Two senior European officials said during a visit to Tokyo on Thursday that Russia posed “the greatest direct threat to the world order”, and while Ukrainian President Volodymyr Zelensky announced the start of progress in the country’s efforts to secure international security guarantees, leaders of the occupied Ukrainian region Kherson attempt to annex it to Russia.
After a meeting with Japanese Prime Minister Fumoyo Kishida, accompanied by European Council President Charles Michel, European Commission President Ursula von der Leyen stated that Russia “today is the biggest direct threat to the world order with its barbaric war against Ukraine and its worrying alliance with China. “
The two European officials visited Tokyo on Thursday as part of an annual round of talks between Japan and the European Union, taking place this year amid the war in Ukraine and amid growing concerns in Asia over China’s military ambitions.
In turn, Kishida, whose government has joined Western sanctions against Moscow, especially in the areas of finance and energy, stressed that “Russia’s invasion of Ukraine means not only Europe but the heart of the world order, including Asia. , shot. ” and added: “It should not be allowed.”
The issue of China’s tighter stance on the crisis has also been raised on the agenda of the talks, at a time when the European Union wants to play an increasing role in Beijing.
“Our co-operation in Ukraine is essential in Europe, but it is also important in the Indo-Pacific region, and we also intend to expand our consultations on China, which is increasingly asserting its position.” said Michel.
These developments come as Ukrainian President Volodymyr Zelensky said progress is being made in the country’s efforts to secure international security guarantees.
“We are negotiating with the leading countries of the world to give Ukraine confidence in security for decades to come,” Zelensky added in his daily video speech on Wednesday night.
This was one of the topics discussed at Sunday’s G7 meeting, in which Ukraine participated for the first time.
“This is the first time in the history of our state that it has become possible to establish such guarantees,” Zelensky said.
Zelensky added that this “will not only be important from a legal point of view, but will also be clarified so that it will be clear: what exactly do we want? Who guarantees it to us? And how?”.
It is noteworthy that one of Russia’s demands for an end to armed hostilities is a clear commitment by Ukraine to political neutrality, for which the country seeks strong international security guarantees.
In parallel developments, the TASS news agency reported yesterday, Wednesday, referring to the Civil Military Administration of the Ukrainian Kherson region, that the leaders of the Russian-occupied region intend to ask Russian President Vladimir Putin to oppose it. end of annexing his land to his land. the year.
“There will be a request (to the Russian president) to include the Kherson region as a full part of the Russian Federation,” said Kirill Strimosov, the assistant in charge of the Kherson civil-military administration. Kherson is the region occupied by the Russian army during its war against Ukraine, which began on February 24, 2022.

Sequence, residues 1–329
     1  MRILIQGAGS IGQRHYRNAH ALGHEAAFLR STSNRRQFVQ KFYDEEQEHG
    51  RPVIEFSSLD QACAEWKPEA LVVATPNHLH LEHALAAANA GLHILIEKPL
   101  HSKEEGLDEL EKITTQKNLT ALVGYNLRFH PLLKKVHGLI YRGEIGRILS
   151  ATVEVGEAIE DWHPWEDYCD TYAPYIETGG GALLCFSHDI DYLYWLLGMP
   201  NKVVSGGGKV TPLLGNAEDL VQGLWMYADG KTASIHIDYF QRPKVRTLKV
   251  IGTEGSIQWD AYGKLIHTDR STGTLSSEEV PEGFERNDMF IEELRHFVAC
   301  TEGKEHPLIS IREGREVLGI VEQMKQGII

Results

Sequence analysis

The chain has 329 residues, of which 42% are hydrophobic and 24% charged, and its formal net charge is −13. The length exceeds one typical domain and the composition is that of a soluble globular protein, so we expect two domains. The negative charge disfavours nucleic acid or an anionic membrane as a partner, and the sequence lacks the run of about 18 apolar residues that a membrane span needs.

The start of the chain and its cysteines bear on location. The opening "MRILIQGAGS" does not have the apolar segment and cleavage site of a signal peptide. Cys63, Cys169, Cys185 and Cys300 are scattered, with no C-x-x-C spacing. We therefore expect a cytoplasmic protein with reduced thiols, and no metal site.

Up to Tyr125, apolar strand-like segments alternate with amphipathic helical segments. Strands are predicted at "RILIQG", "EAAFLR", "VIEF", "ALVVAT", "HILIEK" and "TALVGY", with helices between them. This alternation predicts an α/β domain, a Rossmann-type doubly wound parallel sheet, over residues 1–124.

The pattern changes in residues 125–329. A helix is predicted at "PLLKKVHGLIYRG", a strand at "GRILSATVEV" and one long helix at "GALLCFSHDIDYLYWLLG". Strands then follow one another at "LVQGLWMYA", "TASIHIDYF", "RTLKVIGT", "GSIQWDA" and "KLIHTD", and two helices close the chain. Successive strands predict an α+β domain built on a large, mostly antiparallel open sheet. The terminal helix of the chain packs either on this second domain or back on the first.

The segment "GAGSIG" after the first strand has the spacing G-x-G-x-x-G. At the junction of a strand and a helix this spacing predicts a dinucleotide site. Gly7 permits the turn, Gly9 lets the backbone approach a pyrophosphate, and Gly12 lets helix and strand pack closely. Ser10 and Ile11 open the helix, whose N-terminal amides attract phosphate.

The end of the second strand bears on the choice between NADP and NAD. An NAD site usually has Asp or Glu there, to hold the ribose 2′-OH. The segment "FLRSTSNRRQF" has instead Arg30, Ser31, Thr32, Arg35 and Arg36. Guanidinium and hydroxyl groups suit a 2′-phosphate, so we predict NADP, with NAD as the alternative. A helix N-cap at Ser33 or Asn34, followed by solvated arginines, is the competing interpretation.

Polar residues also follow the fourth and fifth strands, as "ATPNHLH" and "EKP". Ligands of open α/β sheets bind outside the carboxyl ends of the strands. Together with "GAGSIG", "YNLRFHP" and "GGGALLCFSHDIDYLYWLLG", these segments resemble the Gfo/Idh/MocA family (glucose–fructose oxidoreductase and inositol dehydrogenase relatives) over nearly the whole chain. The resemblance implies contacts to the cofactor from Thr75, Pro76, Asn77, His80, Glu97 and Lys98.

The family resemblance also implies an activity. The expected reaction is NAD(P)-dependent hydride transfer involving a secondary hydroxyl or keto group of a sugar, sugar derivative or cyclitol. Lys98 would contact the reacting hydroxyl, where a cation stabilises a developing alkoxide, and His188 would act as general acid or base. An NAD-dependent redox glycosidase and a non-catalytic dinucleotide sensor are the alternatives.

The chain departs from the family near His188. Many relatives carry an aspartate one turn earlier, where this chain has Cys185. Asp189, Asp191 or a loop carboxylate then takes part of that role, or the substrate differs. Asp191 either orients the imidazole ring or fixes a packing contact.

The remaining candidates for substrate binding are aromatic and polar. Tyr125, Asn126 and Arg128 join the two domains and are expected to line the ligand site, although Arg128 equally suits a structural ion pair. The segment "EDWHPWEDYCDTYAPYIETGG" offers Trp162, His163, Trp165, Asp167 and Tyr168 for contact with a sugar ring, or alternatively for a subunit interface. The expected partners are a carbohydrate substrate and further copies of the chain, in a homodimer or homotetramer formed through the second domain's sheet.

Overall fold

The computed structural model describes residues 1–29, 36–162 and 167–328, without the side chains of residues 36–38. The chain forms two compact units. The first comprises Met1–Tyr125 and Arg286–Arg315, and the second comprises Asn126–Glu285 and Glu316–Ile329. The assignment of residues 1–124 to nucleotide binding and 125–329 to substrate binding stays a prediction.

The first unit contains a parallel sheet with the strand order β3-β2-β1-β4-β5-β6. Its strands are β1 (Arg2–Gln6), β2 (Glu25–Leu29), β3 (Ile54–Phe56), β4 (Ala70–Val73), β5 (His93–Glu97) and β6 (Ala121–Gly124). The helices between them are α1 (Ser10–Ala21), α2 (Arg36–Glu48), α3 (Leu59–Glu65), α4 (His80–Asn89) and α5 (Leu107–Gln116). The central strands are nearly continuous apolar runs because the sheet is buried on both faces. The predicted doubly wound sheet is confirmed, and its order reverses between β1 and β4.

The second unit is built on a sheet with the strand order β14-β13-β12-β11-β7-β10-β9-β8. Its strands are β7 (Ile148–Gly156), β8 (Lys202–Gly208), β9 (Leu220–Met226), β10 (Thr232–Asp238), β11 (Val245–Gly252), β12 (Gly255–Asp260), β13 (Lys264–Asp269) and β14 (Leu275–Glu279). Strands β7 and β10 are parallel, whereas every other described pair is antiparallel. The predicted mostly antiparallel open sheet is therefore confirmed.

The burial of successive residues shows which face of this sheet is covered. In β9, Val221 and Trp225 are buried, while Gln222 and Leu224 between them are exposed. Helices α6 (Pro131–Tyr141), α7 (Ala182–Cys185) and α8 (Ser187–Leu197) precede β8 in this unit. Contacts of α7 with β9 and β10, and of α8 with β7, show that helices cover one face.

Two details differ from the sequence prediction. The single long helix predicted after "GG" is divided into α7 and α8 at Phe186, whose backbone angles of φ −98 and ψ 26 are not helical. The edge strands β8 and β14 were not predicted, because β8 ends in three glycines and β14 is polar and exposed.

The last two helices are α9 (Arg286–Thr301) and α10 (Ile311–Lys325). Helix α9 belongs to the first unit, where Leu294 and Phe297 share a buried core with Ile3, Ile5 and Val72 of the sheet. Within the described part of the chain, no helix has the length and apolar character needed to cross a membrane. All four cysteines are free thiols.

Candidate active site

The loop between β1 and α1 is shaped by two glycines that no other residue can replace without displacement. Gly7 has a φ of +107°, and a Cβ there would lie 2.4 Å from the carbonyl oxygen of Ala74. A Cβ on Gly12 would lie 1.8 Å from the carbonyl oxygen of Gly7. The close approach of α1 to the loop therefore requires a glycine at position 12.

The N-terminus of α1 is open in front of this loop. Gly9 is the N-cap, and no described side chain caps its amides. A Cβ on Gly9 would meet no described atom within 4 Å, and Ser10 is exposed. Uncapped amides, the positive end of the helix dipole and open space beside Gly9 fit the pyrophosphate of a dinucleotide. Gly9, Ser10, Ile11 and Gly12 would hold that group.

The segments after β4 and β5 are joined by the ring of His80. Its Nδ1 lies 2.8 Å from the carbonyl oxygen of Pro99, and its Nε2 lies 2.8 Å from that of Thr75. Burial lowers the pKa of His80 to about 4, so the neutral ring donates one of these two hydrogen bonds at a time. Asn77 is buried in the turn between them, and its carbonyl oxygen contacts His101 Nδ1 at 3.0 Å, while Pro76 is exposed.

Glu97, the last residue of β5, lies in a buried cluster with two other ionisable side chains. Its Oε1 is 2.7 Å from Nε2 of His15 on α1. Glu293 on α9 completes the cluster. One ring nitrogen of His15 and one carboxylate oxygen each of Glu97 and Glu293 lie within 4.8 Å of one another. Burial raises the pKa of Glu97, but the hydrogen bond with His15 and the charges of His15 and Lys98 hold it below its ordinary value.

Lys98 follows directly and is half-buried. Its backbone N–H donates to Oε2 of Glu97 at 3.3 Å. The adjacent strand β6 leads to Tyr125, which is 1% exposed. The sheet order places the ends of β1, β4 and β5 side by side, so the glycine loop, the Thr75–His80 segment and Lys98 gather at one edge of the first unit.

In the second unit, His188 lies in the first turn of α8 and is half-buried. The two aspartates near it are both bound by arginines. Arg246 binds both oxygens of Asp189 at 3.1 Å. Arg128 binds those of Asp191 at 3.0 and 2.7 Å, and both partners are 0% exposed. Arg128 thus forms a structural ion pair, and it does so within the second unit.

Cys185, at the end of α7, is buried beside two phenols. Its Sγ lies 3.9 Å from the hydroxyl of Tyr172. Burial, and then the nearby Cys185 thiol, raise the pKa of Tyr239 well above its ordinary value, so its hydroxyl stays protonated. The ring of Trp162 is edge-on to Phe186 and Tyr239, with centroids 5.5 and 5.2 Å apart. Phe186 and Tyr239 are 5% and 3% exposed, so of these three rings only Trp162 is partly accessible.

“The entire legal base (…) will be ready before the end of the year,” he added, adding that since the international community did not recognize the 2014 referendum on the annexation of Crimea by Russia, the Kherson region does not organize. a referendum.
During his visit to Kherson on Friday, Russian parliamentary official Andrei Turchak stressed that Russia will remain “in the south of Ukraine” forever “.
Kiev has been accusing Moscow for weeks of wanting to hold a “referendum” soon aimed at declaring the region’s independence, as pro-Russian separatists did in Donbass in 2014.
“There will be no Kherson People’s Republic. If anyone wants a new annexation, tougher sanctions will be imposed on Russia,” President Zelensky threatened on April 22.
These statements came at a time when US Intelligence Director Avril Haynes said on Tuesday that Russian President Vladimir Putin wanted to expand the “scope” of the conflict, to Transnistria, the region of Moldova declaring independence in 1990. has, to include.
On April 22, Russian General Rustam Minkayev said: “Control of southern Ukraine also means a passage to Transnistria where we see cases of persecution of the Russian-speaking population.” The defense of Russian-speakers is one of Moscow’s justifications for the current war.
The Ukrainian leadership in the south has declared that Russian forces are “mercilessly” bombing the Mikolaiv region, the last stronghold before Odessa, in the west. Wednesday night, she explained, “houses and agricultural facilities were damaged and electricity was cut off in one of the villages.”
In the field, specifically in the southeast of the country, Russian forces again bombed steel plants in Azovstal in Mariupol, where dozens of Ukrainians, including military and civilians, are still hiding. “Dozens of strikes (…) every hour,” Petro Andriuchenko, the city’s assistant mayor, wrote on Telegram.
In a rare announcement, the commander of the Ukrainian national guard, Oleksiy Natochi, reported on Wednesday that about 561 soldiers in the guard to which the Azov battalion, which is entrenched in the Azovstal complex, had died.
Natucci pointed out during an online press conference that 1,697 members of the National Guard were injured.